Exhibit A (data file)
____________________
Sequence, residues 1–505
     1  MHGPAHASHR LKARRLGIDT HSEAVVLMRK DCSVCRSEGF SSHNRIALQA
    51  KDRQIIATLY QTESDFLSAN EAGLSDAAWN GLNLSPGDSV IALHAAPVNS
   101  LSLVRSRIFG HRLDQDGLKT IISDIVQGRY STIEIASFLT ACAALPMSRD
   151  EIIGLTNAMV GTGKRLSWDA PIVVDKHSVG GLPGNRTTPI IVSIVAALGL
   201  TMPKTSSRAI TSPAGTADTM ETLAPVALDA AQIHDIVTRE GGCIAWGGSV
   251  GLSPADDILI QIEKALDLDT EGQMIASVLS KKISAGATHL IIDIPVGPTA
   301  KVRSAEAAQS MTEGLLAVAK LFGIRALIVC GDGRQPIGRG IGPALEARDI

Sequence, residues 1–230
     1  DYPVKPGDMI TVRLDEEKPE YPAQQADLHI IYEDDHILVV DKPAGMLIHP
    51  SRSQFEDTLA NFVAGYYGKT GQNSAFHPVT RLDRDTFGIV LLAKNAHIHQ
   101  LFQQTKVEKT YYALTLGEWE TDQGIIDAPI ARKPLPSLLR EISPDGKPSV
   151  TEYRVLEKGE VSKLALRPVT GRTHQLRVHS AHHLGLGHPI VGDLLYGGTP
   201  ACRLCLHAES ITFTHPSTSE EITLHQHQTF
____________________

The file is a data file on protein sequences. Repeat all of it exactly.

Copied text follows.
Sequence, residues 1–505
     1  MHGPAHASHR LKARRLGIDT HSEAVVLMRK DCSVCRSEGF SSHNRIALQA
    51  KDRQIIATLY QTESDFLSAN EAGLSDAAWN GLNLSPGDSV IALHAAPVNS
   101  LSLVRSRIFG HRLDQDGLKT IISDIVQGRY STIEIASFLT ACAALPMSRD
   151  EIIGLTNAMV GTGKRLSWDA PIVVDKHSVG GLPGNRTTPI IVSIVAALGL
   201  TMPKTSSRAI TSPAGTADTM ETLAPVALDA AQIHDIVTRE GGCIAWGGSV
   251  GLSPADDILI QIEKALDLDT EGQMIASVLS KKISAGATHL IIDIPVGPTA
   301  KVRSAEAAQS MTEGLLAVAK LFGIRALIVC GDGRQPIGRG IGPALEARDI

Sequence, residues 1–230
     1  DYPVKPGDMI TVRLDEEKPE YPAQQADLHI IYEDDHILVV DKPAGMLIHP
    51  SRSQFEDTLA NFVAGYYGKT GQNSAFHPVT RLDRDTFGIV LLAKNAHIHQ
   101  LFQQTKVEKT YYALTLGEWE TDQGIIDAPI ARKPLPSLLR EISPDGKPSV
   151  TEYRVLEKGE VSKLALRPVT GRTHQLRVHS AHHLGLGHPI VGDLLYGGTP
   201  ACRLCLHAES ITFTHPSTSE EITLHQHQTF